SUITABLE FOR A SMALL FAMILY. TO BE LET, A CAPITAL RESIDENCE, respectably situated in Com- mercial-street, Newport, neatly furnished, £ 30. per an num, or unfurnished, £18. No rates or taxes. Also a com- modious house to be let. Apply at the MERLIN Office. MONMOUTHSHIRE. E. PRITCHARD Has been instructed to offer for SALE BY AUCTION, On Saturday, August 2Sth, 1846, precisely at Three o'clock in the afternoon, (unless previously disposed of, due notice of which will be given.) at the King William the 4th, Newport, Monmouthshire, ALL that substantially-erected HOUSE, &c., &c., called "The Traveller's Rest," or Twyn Snon Evan," in the parish of Bedwas, in the county of Monmouth, lately in the oc- cupation of Thomas Thomas, the property of Mr. Abraham Shally. The premises (in which a lucrative beer trade has long been carried on,) are held under a lease of 99 years, at the annual ground rent of £ 1. Is., and consist of a good parlour, kitchen, two bed-rooms, pantry, brewhouse, cellar, large stabling,shed, garden, &c. It is situate on the Rhymney Railway, and sur- rounded by several large collieries. Further information may be obtained by applying to E, Pritchard, Auctioneer and House Agent, 44 and 59, Commer- cial street, Newport. FREEHOLD PROPERTY, IN NEWPORT, FOR SALE. TO BE SOLDTY AUCTION, IK ONB LOT, By order of the trusties of the will of thilate E. Prosstr, deceased, By E. PRITCHAHD, At the Carpenters' Arms Inn, Newport, on Monday, the 24th of August, 1846, at Four o'clock in the afternoon, subject to such conditions of sale as will be then produced, ALL THOSE FOUR MESSUAGES OR DWELLING HOUSES, NOW in the respective occupations of Rachel Lawrence, _LTI William Thomas, Job Taylor, and Margaret William*, containing a frontage of 31 feet. A Carpenters' Work Shop, containing three floors, now in the occupation of John Johnston, aad containing 8*2 feet frontage by J8 feet. Thi* lot may be converted, at a mere trifling ex- pense, into four comfortable dwellings. A Coach House and Two Good Stables, with Loft, now in the occupation of Mr. Mullock, containing a frontage of 40 feet. These buildings may be also converted into cottages, at a very reasonable expense, the shell being well built, and in repair. Also, a Large Walled-in Yard, containing a frontage of 64 feet by 18. This land may be judiciously or advantageously occupied as a building site for cottages, and capable of erecting eight dwellings thereon, making together a frontage of 168 feet. The whole of the above property adjoin each other, are im- mediately opposite the Moderator Bridge, and within a very few yardi of the tra■» road, canal, the principal wharfs, and the river; and would, consequently, at all times meet with good tenants, producing the aggregate sum of £41. per annum, and is of freehold tenure, subject to the ap- portioned y.ady ground rent of £13. per aninm. Further information may be obtained by applying to Mr. John Williams, Stone Mason, Stow Hill: Messrs. Hall and Jenkins, Solicitors: or the Auctioneer, Newport. ELIGIBLE INVESTMENT BASSALLEG, MONMOUTHSHIRE. MR. EDWARD PRITCHAHD BEGS to announce that he has reeeived instructions from the Proprietor to submit to Publie Competition, at the Westgate Inn, Newport, Monmouthshire, on Wednesday, the 26th day of August, 1846, at 5 (for 6) o'clock in the Evening precisely, the following highly desirable Landed Estates, situate in the Hamlet of Rogerstone, in the Parish of Bassalleg, in the County of Monmouth, in the undermentioned Lots •— Lot 1. All that Piece or Parcel of Irable Land, called the High Cross Field, containing 4A. OR. 4p. Monmouthshire is proverbial for its beautiful seenery, and it may be long before an opportunity will be again presented of purchasing a Piece of Land commanding such delightful scenery as this. It is situate on a gentle eminence, about two miles from Newport, and is particularly calculated for the erection of a Dwelling-house for a gentleman's family. The scite eommands the Bristol Channel, Weston-super- Mare, and Channel Ports, and the far-famed Twm Barlwm and other Baountaias of Wales, and immediately overlooks the mansion and fiaely-weoded parks of Sir Charles Mor- gan, Bart. Lot 2. All those Three Meadows, called Cae Isha, Cae Cenol, and Cae wrth Y Garth, adjoining the river Ebbw and the Roger- stone Tin Works, containing together 10A. 3R. 7P. This lot is well-calculated for the erection of Manufactories of aay description, being in the immediate TiciaitJ of the Newport, Rhymney, Nantyglo, Tredegar, and other tram- roads. Lot 3. All that Watercourse and Waste, extending from the tail- race of the Rogerstone Mills, to a point it the river Ebbw, marked in the Parish Plan. This lot is let to the Proprietors of the Mills for 99 years, at a yearly rent of £15.t by lease, dated 7th August, 1841. LOT 4. All that piece of rich Arable Land, called Cao Glaes, con- taining 2A. SR. 18P. This Lot is well adapted to the purposes of a market garden. LOT 5. All those two pieces 0; Pasture and Wood Land, called Cae Coed and Y Coed, containing together 7A. OR. 33P. This Lot is valuable, either as a scite for building, or for a Market Garden, and eommands extensive ana varied views. There is a fine spring of water upon it. LOT 6. All that pieee of rich Arable Laad, adjoining the last lot, called Wain Vach or Cae Pump Cyver, containing 2A. 2R. 14P. LOT 7. All that large and commodious Farm House, called The Werm House, with the Stabling, Barn, Beast-house, and two Gardens, situate by the sido of Rogerstone Turnpike Road. All the foregoing Lots, except Lot 3, are in the occupation of Mr. William Rosser, as tenant. LOT 8. All those Four Cottages and Gardens near the Itst lot, and fronting the road, in the respective occupations of Joha Price, James Hicks, Ephraim Williams, and James Griffiths, at the yearly rent of JE6. 10s. each. The whole of the above property it Copyhold of Inheritance, held under the Lord of the Manor of Rogerstone. To view the Property, apply to Mr. Joseph Leonard, Bassal- leg and for further particulars to the Auctioneer, Newport; or to Mr. CHARLES HASSELL, Solicitor, Bristol. ^••B.—A portion of the purchase money will be allowed to remain npon mortgage if desired. AUCTION MART, 141, COMMERCIAL-STREET, NEWPORT. MR. H. M. PARTRIDGE Begs to announce that he will SELL BY AUCTION, at the Mait, on Tuesday the first day of September next, A QUANTITY of First-class Bottled PORT and SHERRY WINES, in cases and hampers of two dozen each; and Two Hogsheads and Four Quarter Casks of very superior Port in bond, of the vintages of 1840 and 1842. Mr. Partridge is also instructed to SELL BY AUCTION, on the 1st and 2nd days of September, the valuable and modern Household Furniture of a gentleman, removed to the Mart for disposal, in consequence of a sale not being permitted upon/he premises. Full particulars in next week's paper of the wine and furniture. St. Woollos House, Newport, Aug. 21, 1846. NEWPORT, MONMOUTHSHIRE. TO BE SOLD BY AUCTION, BY MR. H. M. PARTRIDGE, On the Premises, adjoining the Mariners'. Church, on Wed- nesday, 26th August, 1846, ALT, the HOUSEHOLD FURNITURE and effects, of Captain Jeffery, sen., who is leaving Newport, particu- lars of which are given in handbills. NEWPORT, MONMOUTHSHIRE. TO BE LET, WITH POSSESSION On the 5th day of September next, or sooner, if wished, THAT old-established Licensed PUBLIC-HOUSE, called j. the Blucher, situate in Griffin-street, immediately facing the Market-House. The premises are roomy and convenient, and the house doing a good business. Incoming about JE250. For particulars, apply to Mr H. M. Partridge, Auctioneer, House and Estate Agent, St. Woollos House, Stow ilill. Newport, August 13, 1846. MONMOUTHSHIRE. B E R THO L L Y HOUSE, Delightfully situated, nine miles from Newport, thrae from Uske, ten from Pontypool, and twelve from Chepstow. MR. H. M. PARTRIDGE Most respectfully announces that he is instructed by the pro- prietor, Colthurst Bateman, Esq., TO SELL BY AUCTION, On the premises, at Bertholly House, on Tuesday, the 15th September, 1846, and following days, THE valuable HOUSEHOLD FURNITURE, collection of paintings, and effects, full particulars of which will be given in next week's paper, and in catalogues, which may be had ten day's prior to the sale, by applying on the premises, or to the Auctioaeer, St. Woollos House, Newport. CAERLEON AND BASSALLEG, MONMOUTHSHIRE. TO BE SOLD BY AUCTION, by Mr. H. M. PARTRIDGE, at the Westgate Hotel, Newport, on Saturday, the 22nd. day of August, 1846, at 3 o'clock in the afternoon, the following desirable property, consisting of an Iron Foundry and several Messuages. LOT 1. All that Foundry Yard and Premises, called the Tydee Iron Foundry, situate in the parish of Bassalleg, in the county of Monmouth, comprising Blacksmith's and Carpenter's Shops, Fitting-up Shops, Turning Rooms, and Workmens' Cottage, lately in the occupation of Mr. John Brown. The premises are walled in, and contain by admeasurcment about 1100 square yards. Also, all that Pond or sheet of Water thereto adjoining, con- taining by admeasurement 400 square yards, more or less, with the water course leading thereto. Together also, with a twelve foot overshot wheel. The Premises are conveniently situated on the Turnpike Road leading from Newport to Risca, and nearly adjoin the Monmouthshire Canal Company's Tram-road, and might, with a little expense, be converted into a water Grist Mill; and the same are holden under an Indenture of Lease, dated the 24th day of December, 1831, granted by Sir Charles Morgan, Bart., for the remainder of a term of 60 years, commencing the 1st day of May, 1832, a rent of £5. 5s. LOT 2. All those Two Freehold Messuages or Tenements, with the Gardens thereto adjoiniag, situate in Back street, in the town of Caerleon, in the county of Monmouth, in the several occu- pations of Thomas Orphan and David Burton. LOT 3. All those Two FreeholdMessuages or Tenements, and Shop, adjoining the last mentioned Lot, in the several occupations of John Lewis and William Lewis, together with the garden behind the same. There is a Pump and excellent Well of Water at the back of these premises, used in common by the tenants. To View the Property at Cao Icon, apply to the respective tenants. And to View the Iron Fouudry, and for all further particulars, apply to the Auctioneer, Monmouth Messrs. Prothero, Towgood, and Fox, Solicitors, Newport; Mr. T. R. Hutton, Offioial Assignee, or Mr. J. Whittington, Solicitor, Bristol. 151, COMMERCIAL-STREET. IRONMONGERY ES TABLISHMENT. J J. EVANS kegs to inform the Inhabitants of NEWPORT and the Neighbourhood, that he has Opened, on the above Premises, as General and Furnishing Ironmonger, Tin Plate Worker, Brightsmith, and Bellhanger. The Stock of Furnishing Goods will be found to consist of a. good assortment of the most modern articles, at prices extremely low, and of a quality that cannot be excelled. It comprises all the usual Articles in Iron, Steel, Brass, Copper, and Tin Goods Drawing- Room and other Grates, Marble Chimney Pieces; Fenders—Black, Bright, and Bronzed; Kitchen Ranges, Stoves of all kinds, Cutlery, Japanned and Papier Mache Goods, Bronzed Tea Urns and Swing-Kettles, Baths of every description, Water Filtrers, &c., and a variety of articles which cannot be enumerated. In Building and Cabinet Ironmongery, Tools of every description, an extensive assortment will be kept, at prices very low, and of a superior quality Experienced Workmen will be kept for all kinds of Smith Work, Brazing, Tin Plate, and Sheet Iron Working. Bell-hanging in all its branches, and on the most improved principles.—Baths let on hire. Newport, July 29th, 1846. IL AV x m ANNIVERSARY DINNER OF THE ANNIVERSARY DINNER OF THE TEMPLE OF PEACE LODGE OF ODDFELLOWS, NEWPORT DISTRICT. THE Public are very respectfully informed that the above JL dinner will take place at the TOWN-HALL, on MONDAY, AUGUST 24, 1846, when the attendance of brothers of this and surrounding districts, and gentlemen of Newport and its vici- nity, is solicited. E. DOWLING, ESQ., IN THE CHAIR. Dinner will be on the table precisely at Four o'clock. A Band will be in attendance. Tickets may be had at Mr. C. Oliver's, printer at Mr. Loder's, bookseller; at Mr. Kelly's, bookseller; and at the Bush Inn, (2s. 6d. each.) PENMANSHIP AND STENOGRAPHY. MR. Mc. LOUGHLIN, (DIRECT FROM LONDON,) FINISHING WRIITING MASTER. Author of a Treatise on the "Beauties of Writing," and on Short Hand." General Accountant, &c., ANNOUNCES his arrival in Newport, and respectfully in- A forms Ladies and Gentlemen that he has commenced giving private and public instructions in the above beautiful arts, at Mr. JENKINS', No. 6, Commercial-street, opposite the Westgate Hotel, where specimens of his writing, in every de- partment of the art in which he has obtained so much celebrity, may be viewed by those who visit his writing rooms, where prospectuses may be had, and other particulars made known. Mr. Me. Loughlin's time is limited; he therefore requests early application. Attendance from seven in the morning till half-past nine in the evening. The following testimonial is from the Rev. Mr. Davies, of Merthyr, who educates a select number of pupils. 1. Merthyr Tydfil, August 20, 1846. Sir,-It will give me great pleasure, at any time, to bear testimony to the efficacy of your system of teaching writing. Until I attended your lectures, I had no idea that the art of penmanship could have been brought to so high a state of per- fection. Young persons especially cannot fail to derive great pleasure and advantage from that knowledge of it which your instructions communicate. I am, sir, yonrs, &c., THOMAS DAVIES. NEWPORT CHEESE MARKET. THE PUBLIC are respectfully informed that, at the request of a great number of Dairy farmers, shopkeepers, and others, in Newport and the Iron and Coal Works of Monmouth- shire, a Market will be held at the New Cattle Market, Newport, for the SALE OF CHEESE, on Wednesday, the 16th day of September next, and also on the second Wednesday in every ensuing month. Newport, August 20, 1846. NEWPORT AND PILLOWENLLY WATER WORKS. NOTICE IS HEREBY GIVEN, THAT the FIRST GENERAL MEETING of the New- port and Pillgwenlly WaterWorks Company will be held at the Westgate Inn, in Newport, on Friday, the 11th day of September, 1846, at Tweive o'clock at Noon, when the share- holders will proceed to the election of a Secretary and Trea- surer, and it is expected that the Engineer's working plans and estimates will be ready for their inspection. S. TOWGOOD, Secretary, pro. tem. Newport, August 20, 1846. WANTED, A YOUNG MAN, who can write a good hand, and under" stands the Grocery business. No one need apply whose character will not bear the strictest investigation. Address, X.Y., Post Office, Bridgend, Glamorganshire. 9. £ 2,000., IN one or more sums, ready to be advanced, upon approved Freehold, or Long Leasehold Security, at Four-and-half perfcei, t. Address M at the office of this paper. CAUTION TO SHIP-OWNERS & SHIP-MASTERS. HAVING engaged with the Agents of the steamer n STOCKTON, to tow my vessel, the Baracoa, from Sharp- ness Point to Newport, on Wednesday, 12th August, and having, at considerable extra expense, brought down my vessel from Gloucester on that day, the Stockton never made her ap- pearance until I left on Saturday, by one of the Bristol steam- packets; nor did any party concerned with the Stockton offer any explanation of such conduct, either by letter or verbally. SAMUEL OWENS, Newport, Aug. 20th, 1846. Master of Baracoa. TREDEGAR IRON WORKS. THE Large Organ, built by Mr. Walker, of London, for the Tredegar Church, will be opened on Thursday, the 27th day of August, 1846, with an efficient choir, from Bath, Bristol, and Hereford Cathedrals. Mr. Edward Howells, the organist, of Abergavenay, will conduct and preside at the organ. MORNING SERVICE—ELEVEN O'CLOCK. Voluntary BEETHOVEN. Chant .EARL OF MORNINGTON. Te Deum J C1 K F.Verse..DR. CLARKB. Jubilate, j Anthem.BIeMed.KENT. Psalm .Old 100th. Anthem .Plead thou MOZART. Voluntary M.S. E. HOWELLS. AFTERNOON SERVICE. Voluntary. S. BACH. N»SS!i, } in F- Verse.DR. CLARKE. An them. Blessed are they.DITTO. Anthem.In Jewry .DITTO. Voluntary.WKSHY, Jun. A collection will be made after each eervice. A Concert will take place in the Town-hall, under the pa- tronage of S. Homfray, Esq. Programmes to be had at the principal inns and libraries. .-A.A4IIii M MONMOUTHSHIRE RAILWAY COMPANY. FIRST GENERAL MEETING.—NOTICE TO SHARE- HOLDERS. THE Act of Parliament for the Incorporation of this Com- pany having, on the 13th day of August instant, received the royal assent, the first general meeting of the shareholders is appointed to take place at the offices of the Company, situate at No. 2, Moorgate-streot, in the city of London, on Thursday, the tenth day of September next, at the hour of one o'clock in the afternoon precisely, for the purpose of transacting the bu- siness appointed by the Companies' Clauses Consolidation Act, 1845, and the Monmouthshire Railway Act, 1846, to be done at such ordinary meeting. To entitle the shareholders to attend and vote at the meeting, they must either produce scrip certificates for shares, or bankers' receipts for payments of their deposits. Scripholders to whom it may not be convenient to attend and vote at the meeting, can vote by proxy, and upon signifying to me their with so to vote, a proper form of proxy will be forwarded to them, on pay- ment of 2s. 6d. for the stamp, but which proxy, duly signed, to- gether with the scrip or bankers' receipts in respect of which it is intended to vote, must be lodged at the office, at least forty- eight hours before the meeting. By order, THOMAS DAY, SECRETARY. Monmouthshire Railway Company's Offices, No. 2, Moorgatc-street, London, Aug. 18, 1846. NEWPORT, ABERGAVENNY, AND HEREFORD RAILWAY. THE Directors have much pleasure in announcing to the shareholders, that the act authorising the construction of this railway has received the royal assent. Arrangements are now in progress with other companies, which, when completed, will secure a great accession of influ- ence, both in the way of capital and local support. As soon as these arrangements are completed, notiee thereof will be given to the shareholders, and an early day appointed for the due registration of the scrip, and for convening the first general meeting under the act. By order of the Boarft; THOMAS "DAY, SECRETARY. TO BE SOLD, tOR LET, WITH IMMEDIATE POSSESSION, A MOST DESIRABLE FARM, called the Bailea, com- prising an excellent Farm House and Buildings, and 140 acres of superior Land situate in the parish of Tregare, in the county of Monmouth, near to the post town of Ragland; and distant about eight miles from the three market towns of Monmouth, Abergavenny, and Usk. For further particulars, apply to Messrs. Blount and Davis, solicitors, Usk. ANNUAL SALE OF SUPERIOR RAMS. TO BE SOLD BY AUCTION, By J. DAVIS, On Monday, the 31st day of August, 1846, near the George Inn, in the town of Chepstow, TEN YEARLING and TWO TWO-YEAR-OLD RAMS, of the Leicester and Cotswold Breed, and bred from the celebrated flocks of Mr. Hewer and Mr. Barton, of North Leach, Gloucestershire. The sale to commence at half-past eleven o'clock.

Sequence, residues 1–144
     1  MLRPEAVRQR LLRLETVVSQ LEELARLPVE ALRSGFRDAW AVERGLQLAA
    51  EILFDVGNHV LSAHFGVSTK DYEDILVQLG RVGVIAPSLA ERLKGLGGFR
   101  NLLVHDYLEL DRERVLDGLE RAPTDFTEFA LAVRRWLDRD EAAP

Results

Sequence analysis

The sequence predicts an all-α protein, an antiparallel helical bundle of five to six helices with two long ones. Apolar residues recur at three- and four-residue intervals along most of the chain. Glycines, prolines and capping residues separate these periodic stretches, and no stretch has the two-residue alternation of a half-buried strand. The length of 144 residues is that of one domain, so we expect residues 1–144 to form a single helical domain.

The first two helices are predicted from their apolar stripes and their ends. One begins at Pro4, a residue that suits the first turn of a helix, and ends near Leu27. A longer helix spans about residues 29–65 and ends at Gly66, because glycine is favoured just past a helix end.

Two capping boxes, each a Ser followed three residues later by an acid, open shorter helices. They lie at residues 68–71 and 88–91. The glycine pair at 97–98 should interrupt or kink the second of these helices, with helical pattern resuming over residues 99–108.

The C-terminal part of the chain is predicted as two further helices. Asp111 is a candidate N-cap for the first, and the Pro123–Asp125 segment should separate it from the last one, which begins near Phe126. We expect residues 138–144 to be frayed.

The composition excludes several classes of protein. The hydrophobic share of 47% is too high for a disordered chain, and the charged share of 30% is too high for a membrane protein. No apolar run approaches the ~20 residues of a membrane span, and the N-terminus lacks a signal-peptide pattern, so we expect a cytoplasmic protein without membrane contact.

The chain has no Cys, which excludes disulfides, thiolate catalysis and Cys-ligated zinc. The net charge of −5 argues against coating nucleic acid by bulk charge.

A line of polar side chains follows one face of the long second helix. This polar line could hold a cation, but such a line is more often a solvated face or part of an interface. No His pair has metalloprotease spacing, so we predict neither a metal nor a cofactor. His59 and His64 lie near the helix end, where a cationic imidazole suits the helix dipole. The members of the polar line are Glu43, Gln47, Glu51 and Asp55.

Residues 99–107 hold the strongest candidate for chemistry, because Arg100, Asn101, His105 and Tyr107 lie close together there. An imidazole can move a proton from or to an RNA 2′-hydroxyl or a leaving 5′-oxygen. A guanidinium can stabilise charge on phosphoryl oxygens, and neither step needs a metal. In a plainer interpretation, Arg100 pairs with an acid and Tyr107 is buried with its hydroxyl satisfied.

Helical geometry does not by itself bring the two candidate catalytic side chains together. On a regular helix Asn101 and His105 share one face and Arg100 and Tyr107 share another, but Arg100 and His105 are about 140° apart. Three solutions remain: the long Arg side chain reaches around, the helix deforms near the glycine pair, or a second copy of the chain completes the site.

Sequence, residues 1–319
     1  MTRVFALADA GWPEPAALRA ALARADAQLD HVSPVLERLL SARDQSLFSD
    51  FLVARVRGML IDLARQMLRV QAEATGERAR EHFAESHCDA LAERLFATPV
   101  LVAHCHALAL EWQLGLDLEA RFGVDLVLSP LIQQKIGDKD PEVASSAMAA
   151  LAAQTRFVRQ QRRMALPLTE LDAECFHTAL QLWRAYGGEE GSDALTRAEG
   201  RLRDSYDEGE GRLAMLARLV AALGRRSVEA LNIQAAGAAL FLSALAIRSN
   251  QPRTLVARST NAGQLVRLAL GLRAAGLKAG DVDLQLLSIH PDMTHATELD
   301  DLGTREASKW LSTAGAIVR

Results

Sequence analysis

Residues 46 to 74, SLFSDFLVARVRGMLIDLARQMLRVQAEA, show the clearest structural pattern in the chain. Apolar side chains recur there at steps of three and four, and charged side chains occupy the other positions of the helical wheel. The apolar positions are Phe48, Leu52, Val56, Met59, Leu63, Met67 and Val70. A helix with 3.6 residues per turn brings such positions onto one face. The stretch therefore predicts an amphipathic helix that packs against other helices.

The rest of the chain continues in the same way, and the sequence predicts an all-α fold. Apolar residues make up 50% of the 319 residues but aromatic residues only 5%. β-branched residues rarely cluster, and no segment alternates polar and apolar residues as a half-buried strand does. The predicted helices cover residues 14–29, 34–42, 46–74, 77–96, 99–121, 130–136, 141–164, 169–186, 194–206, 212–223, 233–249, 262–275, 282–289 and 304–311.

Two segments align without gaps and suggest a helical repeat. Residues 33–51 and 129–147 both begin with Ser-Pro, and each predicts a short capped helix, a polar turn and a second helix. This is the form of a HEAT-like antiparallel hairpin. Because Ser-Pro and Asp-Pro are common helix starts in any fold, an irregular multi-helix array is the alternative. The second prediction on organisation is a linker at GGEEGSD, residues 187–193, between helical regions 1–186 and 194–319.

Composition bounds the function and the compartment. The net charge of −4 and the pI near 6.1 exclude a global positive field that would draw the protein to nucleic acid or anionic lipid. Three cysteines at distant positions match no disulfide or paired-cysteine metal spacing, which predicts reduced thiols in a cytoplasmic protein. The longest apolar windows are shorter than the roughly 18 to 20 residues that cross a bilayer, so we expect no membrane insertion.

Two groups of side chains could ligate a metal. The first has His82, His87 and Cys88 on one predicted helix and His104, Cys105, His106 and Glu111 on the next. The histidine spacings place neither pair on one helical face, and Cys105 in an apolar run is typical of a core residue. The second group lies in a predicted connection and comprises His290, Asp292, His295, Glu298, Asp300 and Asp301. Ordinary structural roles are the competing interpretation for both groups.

HEAT OF INDIA.—June bt,—To day we have the ifrst specimen I have felt ot real Indian heat; hitherto it has been an unusually cool season, but to-day there is a regular land-wind, and plenty of it. I can only compare it to a blast fiom a furnace, withering one as it passes by. I have a talt, or thick mat, at my window, which exclude* the SUD, and men sit outside pouring water on it all day, so that the wind, which is extremely violent, blows always cooled through the water. This keeps the temperature of the room down to 90 deg., but it is dieadfully feveiish, and far more distressing than a higher degree of the thermometer with a sea-breeze. Just close under the tatt it is more tolerable, but the old Indians have a notion that it is unwholesome to sit in the damp so it may be fnr them, but nothins will make me believe that l.justfresa from Europe, can catch cold with the thermometer at 90 deg. so I creep as close to the tatt as possi- ble, and sit with my hand* in a basin of water besides. This is a heat quite different from any thing you ever felt in Europe, making one quite giddy but they say it is only as bad as this for about ten days, after which the sea-breeze rises regularly at eleven or twelve o'clock, and restores oue to life again. Now, the leaves of the tIeel are all curled up. and the grass crackles onder oor feet like snow, the sea is a dead yellow colour, and the air and light a sort of buff, as if the elements had thojaun- tdtce and we are all so cross! creeping about and whining, and jing down and growling.-A Correspondent, BRECON.—A numerously and most respectably-signed requi- sition has been presented to Lloyd Vaughan Watkins, Esq., requesting that popular gentleman to become a candidate for the representation of the borough of Brecon. A compliance on the part of Mr. Watkins will, it is said, assuredly lead to his return, as the requisition presents the names of a majority of the electors.—A Correspondent. TREATMENT FOR CHOLERA.—Having had some sad expeii- ence of this mortal malady, when it formerly shuck terror among us, we will venture most earnestly to recommend the following application to any individuals who may shew symptoms tending to th., danger, or be actually exposed 10 it :-My present plan of treatment in the prevalent complaint of this autumn is,—In cases of simple vomiting, not bilious, to exhibit an emetic and [ consider two table-spoonfuls ot mustard in warm water the best. In cises of vomiting and bowel complaint combined, I give ten grains of calomel with one of opium; and if the sympfoms con. tinue, an emetic as above, followed soon after by another powder of calomel and opium placing, at the same time, a strong mustard poultice on the pit of the stomach. If the symp- toms continue, administer every half hour effervescing diaughts of soda twenty grains and tarlaric acid fifteen grains. When there are cramps and spasms, twenty drops of aromatic spirits ot hartshorn to the same quantity of laudanum taken io water; and when there is difficulty of breathing, add to the draught ten drops of nitrous ether.—Literary Gazette. Having been informed by one of the officials of the Croydon Company, that the atmospheric line was in good working order, I took several trips up and down one day last week, for the pur- pose of ascertaining whether they worked with regularity, and whether Ihe ppeed, which 1 underslood was vuy high wilh light loads, had improved. All the trains I went by arrived at the termioi before the staled time, aod the speed surpassed anything I have yet experienced. With a train of four carriages, including the piston carriage, which, it is to be recollected, carries passen- uers, and weighing about 22 or 23 tons, we reached a velocity of 75 milu per hour. This speed WIU maintained over a distance of a quarter of a mIle. Over a similar distance in the same trip, we got a velocity of 69.23 miles per hour; over half a mile a velocily 01 64.28 milu per hour; and for a mile and a Quarter, exactly 60 miles per hou. The reader will recollect that the at- mospheric run upon the Croydon IS nol quile tive miles. I 11m inclined to think that ï5 miles per hour is below the velocity that will ere long be attained upon a 30-in11e portion of the South Devon Line.— London paper. !\JR.SUTT0N& MR, CHIUSLTE.—Last week before the Andover Committee, a scene of great excitement look place, in which the above-named gentlemen were Ihe principal 8ctOlS. 11 appear? that a question was put to Mr. Parker (then under examination) by Mr. Christe. Before the answer was given, the Hon. Mr. Sutton, in a state of excitement, ordered the room to be cleared, and, as we are given 10 understand, char:¡:ed Mr. ChiMie with putting the question with an improper purpose. This charge was strongly resented by Mr. Chris lie; and Mr. Sutton, making use of an expression which left an impression upon the minds of those present that he intended to send a hostile message to Mr.Christie, rusheJ out ul the room, and left the house. Tu plevent thi. objeci, apolicaiion was made 10 Ihe sitting magistrate at West. minster police court for a warrant agltinsl Ihe honourable gentle- men, for the purpose of being bound over to keep the peace. Ow iog, however, to Ihe intervention of some prudent fiiends on both sides, we believe we may say that the affair has been so far settled as to render judicial interference unnecessary.